Back to Top

Faculty Profiles

Michelle Coupal

Michelle Coupal 

Assistant Professor

English

Arts

 

L-709, R.D. Parker Building 

Sudbury Campus

 

705.675.1151 ext 4329705.675.1151 ext 4329

705.675.1151 ext 4329mcoupal@laurentian.ca

Biography

I am a member of the Bonnechere Algonquin First Nation, and Assistant Professor of Indigenous Literatures in the Department of English at Laurentian University, where I live and work on the lands of the Atikameksheng Anishnawbek peoples. I received my PhD in English Literature from Western University in 2013. My research, teaching, and training have focused on the following: Indigenous literatures in Canada; Canadian literature; pedagogies of reconciliation; Indigenous pedagogies, protocols, and ethics; trauma theory; and life-writing (with an emphasis on testimony).

I hold a SSHRC Insight Development Grant (2016-2018; $55,691) for my book project entitled, Teaching Trauma and Indian Residential School Literatures in Canada. In response to Calls to Action of the Truth and Reconciliation Commission of Canada, English literature teachers across the country (from elementary to secondary to postsecondary), are being asked to deliver curricula on Indian residential school literature. However, there is a deeply problematic insufficiency of material on the theory and praxis of interpreting and teaching trauma and Indian residential school literature to a diverse population of Canadian learners. This research is the first comprehensive study of concepts of trauma and Indian residential school literatures in Canada that makes the theorization of trauma from an Indigenous perspective, and the teaching of Indian residential school literatures as literatures of reconciliation, its focus. My research will work toward decolonizing trauma theory, Indigenizing pedagogical approaches to challenging narratives, and promoting reconciliation through a relational reading practice and pedagogy of mutual respect, recognition, responsibility, and sharing (1996 Royal Commission on Aboriginal Peoples). 

With Dr. Deanna Reder (Cree-Metis, SFU) and poet Joanne Arnott (Metis/mixed blood), I have submitted an edited collection of the works of Secwepemc and Ktunaxa writer Vera Manuel. Our working title is Honouring the Strength of Indian Women: Plays, Stories, Poetry by Vera Manuel. Manuel’s work, which incorporates dramatherapy as a healing practice for peoples struggling with the legacies of residential schooling, has been largely unpublished. This collection will be an important addition to Indigenous literatures of reconciliation. 

Education

  • Ph.D. Western University
  • B.Ed. Althouse College, Western University
  • M.A. University of Waterloo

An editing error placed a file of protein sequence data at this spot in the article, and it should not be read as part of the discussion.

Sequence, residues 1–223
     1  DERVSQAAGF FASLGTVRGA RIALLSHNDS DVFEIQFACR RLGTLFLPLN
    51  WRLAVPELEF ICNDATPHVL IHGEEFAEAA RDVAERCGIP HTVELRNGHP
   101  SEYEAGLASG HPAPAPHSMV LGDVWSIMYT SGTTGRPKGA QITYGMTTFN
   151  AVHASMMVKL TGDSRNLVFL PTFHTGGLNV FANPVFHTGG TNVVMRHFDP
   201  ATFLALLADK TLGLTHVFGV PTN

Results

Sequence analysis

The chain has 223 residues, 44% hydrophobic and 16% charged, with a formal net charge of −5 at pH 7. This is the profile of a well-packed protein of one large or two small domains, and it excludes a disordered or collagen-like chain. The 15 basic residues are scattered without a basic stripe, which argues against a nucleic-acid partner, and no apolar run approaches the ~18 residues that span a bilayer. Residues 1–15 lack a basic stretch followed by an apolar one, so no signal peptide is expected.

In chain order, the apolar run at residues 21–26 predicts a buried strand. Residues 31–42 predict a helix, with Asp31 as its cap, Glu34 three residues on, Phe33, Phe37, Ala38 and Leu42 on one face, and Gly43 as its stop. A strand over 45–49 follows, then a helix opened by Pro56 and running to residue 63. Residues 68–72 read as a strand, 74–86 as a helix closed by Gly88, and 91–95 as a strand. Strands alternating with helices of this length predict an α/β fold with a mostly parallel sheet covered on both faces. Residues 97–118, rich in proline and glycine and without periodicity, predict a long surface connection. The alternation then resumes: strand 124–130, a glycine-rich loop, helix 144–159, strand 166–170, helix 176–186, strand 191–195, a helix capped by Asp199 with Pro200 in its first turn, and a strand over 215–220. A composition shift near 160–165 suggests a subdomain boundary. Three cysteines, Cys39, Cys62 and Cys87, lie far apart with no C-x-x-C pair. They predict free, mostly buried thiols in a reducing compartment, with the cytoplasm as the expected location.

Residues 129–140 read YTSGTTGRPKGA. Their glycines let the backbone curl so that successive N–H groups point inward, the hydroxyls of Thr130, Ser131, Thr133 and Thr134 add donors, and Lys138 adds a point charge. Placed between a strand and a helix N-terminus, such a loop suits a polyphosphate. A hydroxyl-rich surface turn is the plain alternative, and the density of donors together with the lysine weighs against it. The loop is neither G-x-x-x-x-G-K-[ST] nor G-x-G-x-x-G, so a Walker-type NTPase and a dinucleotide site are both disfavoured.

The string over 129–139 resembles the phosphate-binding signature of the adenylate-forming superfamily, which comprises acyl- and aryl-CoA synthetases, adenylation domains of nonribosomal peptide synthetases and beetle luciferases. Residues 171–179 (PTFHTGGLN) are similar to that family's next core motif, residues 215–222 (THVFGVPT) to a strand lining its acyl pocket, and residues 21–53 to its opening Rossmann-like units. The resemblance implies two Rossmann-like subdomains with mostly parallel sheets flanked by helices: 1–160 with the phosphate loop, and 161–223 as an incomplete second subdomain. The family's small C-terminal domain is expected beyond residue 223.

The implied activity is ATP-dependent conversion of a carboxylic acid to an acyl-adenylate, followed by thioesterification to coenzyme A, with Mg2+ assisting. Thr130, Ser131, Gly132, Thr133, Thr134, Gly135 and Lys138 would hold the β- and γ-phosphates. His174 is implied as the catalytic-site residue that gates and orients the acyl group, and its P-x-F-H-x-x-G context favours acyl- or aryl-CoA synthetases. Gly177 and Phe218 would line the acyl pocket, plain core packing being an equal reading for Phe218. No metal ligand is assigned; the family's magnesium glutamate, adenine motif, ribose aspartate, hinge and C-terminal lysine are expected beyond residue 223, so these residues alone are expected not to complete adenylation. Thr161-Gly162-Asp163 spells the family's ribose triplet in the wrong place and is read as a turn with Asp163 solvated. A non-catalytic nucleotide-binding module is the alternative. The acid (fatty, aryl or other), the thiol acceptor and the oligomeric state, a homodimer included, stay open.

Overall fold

• Honours B.A. University of Waterloo

Academic Appointments

Assistant Professor of English, Laurentian University, 2013-Present

Teaching

2016-2017 academic year:

English 3456: Indigenous Literatures in Canada

English 3445: Survey of Canadian Literature

English 3546: Media Representations of the Native

English 4787: Honours Seminar IV: Indian Residential School Literature

2015-2016 academic year:

English 3445: Survey of Canadian Literature

English 3496: Indigenous Literatures in Canada

English 3596: Media Representations of the Native

English 4786: Honours Seminar III: The Rhetoric of Apology in Canada

2014-2015 academic year:

English 3445: Survey of Canadian Literature

English 3496: Indigenous Literatures in Canada

English 3596: Media Representations of the Native

English 4786: Honours Seminar III: The Rhetoric of Apology in Canada

2013-2014 academic year:

English 3445: Survey of Canadian Literature

English 3596: Media Representations of the Native


Awards

  • SSHRC Insight Development Grant (2016-2018) $55,691
  • Western University Students’ Council Teaching Honour Roll 2012-2013 (Awarded to instructors who receive an accumulated average of 6.3 or higher out of 7 on the first 14 questions on the UWO Senate-mandated course and teacher evaluations.)
  • F.C. Biehl Memorial Award for Excellence in English Education, Faculty of Education, Western University

Publications

“‘one thing can look like another’: The Aesthetics and Performance of Trauma in Ann-Marie MacDonald’s Fall on Your Knees.” Studies in Canadian Literature 38.1 (2013): 170-89.

“Teaching Indigenous Literature as Testimony: Porcupines and China Dolls and the Testimonial Imaginary.” Learn, Teach, Challenge: Approaches to Indigenous Literatures. Eds. Deanna Reder and Linda M. Morra.Waterloo: Wilfrid Laurier UP, 2016. 477-86.

Teaching Trauma and Indian Residential School Literatures in Canada. Wilfrid Laurier UP.  [Under Contract]

“Indian Residential School Literature and the Pedagogy of Reconciliation.” L’enseignement des Traités à l’ère de la Réconciliation dans l’Ouest Canadien. Ed. Lace Marie Brogden, Andrea Sterzuk, and James Daschuk. Presses de l'Université Laval. [Accepted subject to revisions]

Honouring the Strength of Indian Women: Plays, Stories, Poetry by Vera Manuel. Ed. Michelle Coupal, Deanna Reder, and Joanne Arnott. First Voices First Texts. General Ed. Warren Cariou. University of Manitoba Press. [Under Review]

“Narrative Acts of Truth and Reconciliation: Teaching the Healing Plays of Vera Manuel.”  Honouring the Strength of Indian Women: Plays, Stories, Poetry by Vera Manuel. Ed. Michelle Coupal, Deanna Reder, and Joanne Arnott. First Voices First Texts. General Ed. Warren Cariou. University of Manitoba Press. [Under Review]